As is evidenced by the recent terrorist shooting in Charleston, the United States' struggle with race and guns is only increasing, and it looks like the next election may focus on the candidates' approaches to the problem. Hillary Clinton, who has sometimes remained mum on the topic, is finally speaking out - and she is saying a lot of the right things. She points out that Charleston isn't an isolated event and that race and gun control are things that the United States needs to address.
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"I know this is a difficult topic to talk about," she said. "I know that so many of us hoped by electing our first black President we had turned the page on this chapter in our history. I know there are truths we don't like to say out loud in discussions with our children, but we have to. That is the only way we can possibly move forward together."
She then brings out the numbers and explicates statistics that we cannot avoid and cannot ignore - everything from mortgage rates to the prison population shows that "race remains a deep fault line in America and millions of people of color still experience racism in their everyday lives."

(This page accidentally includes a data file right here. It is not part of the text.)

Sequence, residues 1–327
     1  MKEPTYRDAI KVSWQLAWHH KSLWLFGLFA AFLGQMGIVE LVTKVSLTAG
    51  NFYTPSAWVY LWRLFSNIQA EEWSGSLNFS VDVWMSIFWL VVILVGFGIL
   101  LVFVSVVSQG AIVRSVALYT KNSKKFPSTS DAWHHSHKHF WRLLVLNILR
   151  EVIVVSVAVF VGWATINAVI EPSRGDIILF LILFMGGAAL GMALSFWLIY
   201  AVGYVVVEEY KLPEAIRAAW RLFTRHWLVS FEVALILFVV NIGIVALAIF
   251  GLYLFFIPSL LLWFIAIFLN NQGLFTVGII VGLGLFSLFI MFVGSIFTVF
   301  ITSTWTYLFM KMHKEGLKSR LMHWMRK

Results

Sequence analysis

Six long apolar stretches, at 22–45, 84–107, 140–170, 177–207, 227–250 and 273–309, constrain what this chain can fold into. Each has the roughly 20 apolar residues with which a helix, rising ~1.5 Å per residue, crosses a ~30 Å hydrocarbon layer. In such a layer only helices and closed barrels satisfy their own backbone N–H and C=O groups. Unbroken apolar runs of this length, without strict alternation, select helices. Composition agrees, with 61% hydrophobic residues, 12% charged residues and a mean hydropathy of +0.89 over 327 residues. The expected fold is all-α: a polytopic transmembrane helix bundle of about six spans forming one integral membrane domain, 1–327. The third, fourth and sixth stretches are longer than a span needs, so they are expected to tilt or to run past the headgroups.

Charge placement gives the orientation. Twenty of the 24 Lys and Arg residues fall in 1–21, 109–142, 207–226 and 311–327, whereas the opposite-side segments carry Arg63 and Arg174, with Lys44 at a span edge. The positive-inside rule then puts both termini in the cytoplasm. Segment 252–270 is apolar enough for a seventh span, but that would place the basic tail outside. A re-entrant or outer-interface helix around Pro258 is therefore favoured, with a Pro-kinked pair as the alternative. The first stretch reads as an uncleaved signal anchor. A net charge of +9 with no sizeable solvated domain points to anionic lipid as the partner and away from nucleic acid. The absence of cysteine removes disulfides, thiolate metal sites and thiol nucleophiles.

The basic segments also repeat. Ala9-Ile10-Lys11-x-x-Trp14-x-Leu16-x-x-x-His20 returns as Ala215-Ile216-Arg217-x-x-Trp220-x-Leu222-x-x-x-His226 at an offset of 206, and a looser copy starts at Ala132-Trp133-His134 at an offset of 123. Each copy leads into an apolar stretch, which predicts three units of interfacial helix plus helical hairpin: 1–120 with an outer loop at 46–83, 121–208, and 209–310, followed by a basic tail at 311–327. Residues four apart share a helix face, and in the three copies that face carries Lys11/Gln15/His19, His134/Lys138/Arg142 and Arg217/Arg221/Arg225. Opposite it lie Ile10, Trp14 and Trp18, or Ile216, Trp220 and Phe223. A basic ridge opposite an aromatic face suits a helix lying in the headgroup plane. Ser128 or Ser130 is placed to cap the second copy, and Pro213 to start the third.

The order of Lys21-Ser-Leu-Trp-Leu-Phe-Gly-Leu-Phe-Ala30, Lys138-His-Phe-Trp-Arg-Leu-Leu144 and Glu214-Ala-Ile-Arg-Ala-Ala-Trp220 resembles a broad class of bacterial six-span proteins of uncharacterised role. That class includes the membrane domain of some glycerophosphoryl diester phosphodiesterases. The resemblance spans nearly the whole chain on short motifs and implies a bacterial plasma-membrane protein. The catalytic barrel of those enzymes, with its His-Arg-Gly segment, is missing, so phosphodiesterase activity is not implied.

Her speech came mere moments are the truth about Dylann Roof, the 21-year-old murderer who took nine innocent lives in a church was revealed: he was a white supremacist that was filled with intense hatred.
"We must tackle this challenge with urgency and conviction," she said, echoing President Barack Obama's statement earlier this week. However, she isn't for complete gun control like many think most Democrats are:
"I lived in Arkansas and I represented upstate New York. I know that gun ownership is part of the fabric of a lot of law abiding communities," Clinton said. "I also know that we can have common sense gun reforms that keep weapons out of the hands of criminals and the violently unstable while respecting responsible gun owners."
The crowd, which was comprised of mayors and other public policy makers. In response to the cheers she said:
"The stakes are too high, the costs are too dear, and I am not and will not be afraid to keep fighting for common sense reforms and along with you, achieve those on behalf of all who have been lost because of this senseless gun violence in this country."
Clinton also said that we need to change our thoughts and feelings on race - echoing the cries of the African American community. Clinton's aides argue that her outspokenness on race and crime follow her history as someone who stands up for the oppressed. She wants to start a conversation, and let's hope that the conversation can take us to a better place.
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